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Jamaica man celebrates 30 years on the job at LIC’s Access Self Storage

Gomez places a crown on Jeffries head at the party. Credit: Charlie Finnerty


By Charlie Finnerty |

Artie Jeffries of Jamaica celebrated 30 years working as an elevator operator at Access Self Storage in Long Island City. The longest tenured employee, Jeffries has become a beloved member of the team and a friend to many customers. Access Self Storage staff, some of Jeffries’ most loyal customers and loved ones celebrated the milestone, as well as his 56th birthday, at Bantry Bay Publick House on Nov. 11. At the party, he was also presented the Ken Cooley founders award from Access Self Storage corporate office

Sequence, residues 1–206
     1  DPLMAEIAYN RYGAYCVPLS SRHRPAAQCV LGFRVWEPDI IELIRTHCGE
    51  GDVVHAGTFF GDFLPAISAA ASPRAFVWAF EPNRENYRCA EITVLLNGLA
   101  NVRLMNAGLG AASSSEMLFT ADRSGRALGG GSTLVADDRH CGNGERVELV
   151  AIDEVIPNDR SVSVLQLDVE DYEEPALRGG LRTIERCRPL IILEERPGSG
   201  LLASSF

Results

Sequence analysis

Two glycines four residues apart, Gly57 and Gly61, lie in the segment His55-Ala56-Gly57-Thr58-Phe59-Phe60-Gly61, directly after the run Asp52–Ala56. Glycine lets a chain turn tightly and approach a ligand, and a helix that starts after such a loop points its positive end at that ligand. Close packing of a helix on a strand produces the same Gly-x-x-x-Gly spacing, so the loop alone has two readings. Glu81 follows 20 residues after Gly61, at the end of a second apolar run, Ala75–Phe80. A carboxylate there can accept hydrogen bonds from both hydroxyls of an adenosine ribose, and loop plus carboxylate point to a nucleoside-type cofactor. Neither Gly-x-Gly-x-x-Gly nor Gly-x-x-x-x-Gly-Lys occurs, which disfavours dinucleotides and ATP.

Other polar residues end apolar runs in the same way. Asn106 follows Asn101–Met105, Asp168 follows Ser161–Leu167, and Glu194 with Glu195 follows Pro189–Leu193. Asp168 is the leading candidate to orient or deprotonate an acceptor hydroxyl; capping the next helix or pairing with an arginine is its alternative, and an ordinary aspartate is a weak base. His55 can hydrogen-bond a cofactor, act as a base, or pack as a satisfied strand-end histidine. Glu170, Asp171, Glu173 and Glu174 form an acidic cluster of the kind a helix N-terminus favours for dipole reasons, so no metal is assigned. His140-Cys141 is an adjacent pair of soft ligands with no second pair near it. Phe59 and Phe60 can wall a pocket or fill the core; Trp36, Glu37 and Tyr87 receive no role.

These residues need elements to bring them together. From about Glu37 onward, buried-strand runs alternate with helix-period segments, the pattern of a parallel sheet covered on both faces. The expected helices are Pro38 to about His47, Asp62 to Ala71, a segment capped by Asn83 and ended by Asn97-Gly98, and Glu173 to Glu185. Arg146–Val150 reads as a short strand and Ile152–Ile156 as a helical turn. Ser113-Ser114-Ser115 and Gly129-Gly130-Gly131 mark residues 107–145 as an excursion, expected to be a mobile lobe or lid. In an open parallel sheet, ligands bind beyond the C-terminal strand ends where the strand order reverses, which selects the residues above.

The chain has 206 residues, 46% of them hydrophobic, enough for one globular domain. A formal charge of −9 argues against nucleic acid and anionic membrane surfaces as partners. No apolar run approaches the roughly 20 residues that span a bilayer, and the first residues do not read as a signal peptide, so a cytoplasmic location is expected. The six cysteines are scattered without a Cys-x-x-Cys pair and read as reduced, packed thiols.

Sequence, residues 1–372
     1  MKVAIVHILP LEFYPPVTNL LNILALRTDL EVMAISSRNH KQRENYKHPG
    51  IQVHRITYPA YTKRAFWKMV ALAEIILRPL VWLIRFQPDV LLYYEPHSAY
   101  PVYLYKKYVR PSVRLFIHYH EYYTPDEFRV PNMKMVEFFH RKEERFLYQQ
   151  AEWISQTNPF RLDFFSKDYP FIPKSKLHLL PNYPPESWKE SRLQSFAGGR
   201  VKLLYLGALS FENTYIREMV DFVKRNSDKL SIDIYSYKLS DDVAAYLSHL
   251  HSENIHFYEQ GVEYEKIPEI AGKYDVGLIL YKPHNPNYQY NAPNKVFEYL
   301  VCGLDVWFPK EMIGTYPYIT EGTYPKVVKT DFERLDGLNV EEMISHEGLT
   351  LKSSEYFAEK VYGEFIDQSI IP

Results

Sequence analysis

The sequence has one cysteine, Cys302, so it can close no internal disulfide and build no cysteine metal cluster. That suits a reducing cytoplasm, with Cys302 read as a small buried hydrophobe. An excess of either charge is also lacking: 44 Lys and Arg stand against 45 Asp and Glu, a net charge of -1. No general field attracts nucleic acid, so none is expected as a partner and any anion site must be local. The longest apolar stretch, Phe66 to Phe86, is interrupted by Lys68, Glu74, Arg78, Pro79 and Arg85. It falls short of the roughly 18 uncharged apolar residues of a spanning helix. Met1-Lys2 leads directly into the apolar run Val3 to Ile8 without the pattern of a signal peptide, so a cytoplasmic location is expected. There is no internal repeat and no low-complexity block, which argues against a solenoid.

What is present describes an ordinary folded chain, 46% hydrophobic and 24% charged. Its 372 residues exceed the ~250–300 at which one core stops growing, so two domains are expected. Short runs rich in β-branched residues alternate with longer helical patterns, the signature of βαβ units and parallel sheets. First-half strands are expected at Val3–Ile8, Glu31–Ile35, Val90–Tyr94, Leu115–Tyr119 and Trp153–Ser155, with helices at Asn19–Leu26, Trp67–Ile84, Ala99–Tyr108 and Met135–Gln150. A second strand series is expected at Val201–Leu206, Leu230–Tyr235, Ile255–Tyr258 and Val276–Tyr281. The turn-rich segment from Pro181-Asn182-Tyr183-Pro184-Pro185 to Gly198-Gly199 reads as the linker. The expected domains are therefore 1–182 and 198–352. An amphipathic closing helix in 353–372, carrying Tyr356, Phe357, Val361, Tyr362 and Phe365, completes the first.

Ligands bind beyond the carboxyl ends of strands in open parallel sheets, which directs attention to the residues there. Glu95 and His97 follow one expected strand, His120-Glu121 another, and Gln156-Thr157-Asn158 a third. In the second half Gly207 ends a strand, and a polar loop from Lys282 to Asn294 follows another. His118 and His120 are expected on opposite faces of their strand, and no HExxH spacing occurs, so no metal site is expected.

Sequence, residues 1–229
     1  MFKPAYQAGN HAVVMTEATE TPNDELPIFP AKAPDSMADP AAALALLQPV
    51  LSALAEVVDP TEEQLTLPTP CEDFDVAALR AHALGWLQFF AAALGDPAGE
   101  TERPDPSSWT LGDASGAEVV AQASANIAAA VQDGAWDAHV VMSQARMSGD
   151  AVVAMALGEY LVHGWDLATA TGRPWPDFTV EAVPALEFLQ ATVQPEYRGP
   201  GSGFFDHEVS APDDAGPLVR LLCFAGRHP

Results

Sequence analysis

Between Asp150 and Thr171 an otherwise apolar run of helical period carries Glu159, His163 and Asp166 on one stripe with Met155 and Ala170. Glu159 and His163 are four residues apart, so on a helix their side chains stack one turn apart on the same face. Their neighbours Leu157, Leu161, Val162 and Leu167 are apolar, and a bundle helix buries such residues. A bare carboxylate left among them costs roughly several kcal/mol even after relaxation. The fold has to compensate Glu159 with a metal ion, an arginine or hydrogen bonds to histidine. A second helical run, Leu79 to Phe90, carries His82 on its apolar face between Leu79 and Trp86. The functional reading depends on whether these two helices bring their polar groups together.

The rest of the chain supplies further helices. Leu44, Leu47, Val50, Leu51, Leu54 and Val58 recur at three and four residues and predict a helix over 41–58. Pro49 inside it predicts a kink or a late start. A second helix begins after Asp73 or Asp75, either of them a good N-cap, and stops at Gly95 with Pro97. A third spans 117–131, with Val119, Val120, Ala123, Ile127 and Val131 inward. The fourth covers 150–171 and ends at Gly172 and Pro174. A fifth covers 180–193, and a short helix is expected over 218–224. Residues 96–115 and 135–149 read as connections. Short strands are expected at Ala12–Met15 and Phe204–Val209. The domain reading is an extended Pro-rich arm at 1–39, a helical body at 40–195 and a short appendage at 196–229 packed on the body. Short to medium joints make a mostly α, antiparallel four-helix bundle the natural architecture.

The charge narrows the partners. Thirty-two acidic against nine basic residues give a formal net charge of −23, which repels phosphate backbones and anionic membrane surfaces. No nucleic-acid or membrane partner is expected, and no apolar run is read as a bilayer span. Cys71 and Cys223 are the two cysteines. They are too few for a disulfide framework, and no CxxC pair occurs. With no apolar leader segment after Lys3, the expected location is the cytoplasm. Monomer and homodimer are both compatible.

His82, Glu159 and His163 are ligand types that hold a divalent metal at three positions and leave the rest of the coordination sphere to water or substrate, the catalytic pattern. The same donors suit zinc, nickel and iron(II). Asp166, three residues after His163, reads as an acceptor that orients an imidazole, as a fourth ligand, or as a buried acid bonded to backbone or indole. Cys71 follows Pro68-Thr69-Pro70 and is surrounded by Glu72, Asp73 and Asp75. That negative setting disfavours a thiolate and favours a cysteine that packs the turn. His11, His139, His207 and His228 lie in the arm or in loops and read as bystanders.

“Everybody needs a job,” Jeffries said. “Knowing that you have a job, that you’re making money, that you’re paying your rent — knowing that you have a job behind you — I think that’s a great feeling. It’s a lifesaver, knowing people that don’t have a job are out there struggling every single day trying to make ends meet.”

Soraya Gomez, Artie’s manager at Access Self Storage, said Jeffries is a team player and lifts up everyone else in the workplace.

“He’s reliable, we can always count on him,” Gomez said. “Everyone here gets along with him. It’s like there’s no animosity in him.”

Jeffries said he never expected to hold the job for three decades but focuses everyday on making sure he gets his work done.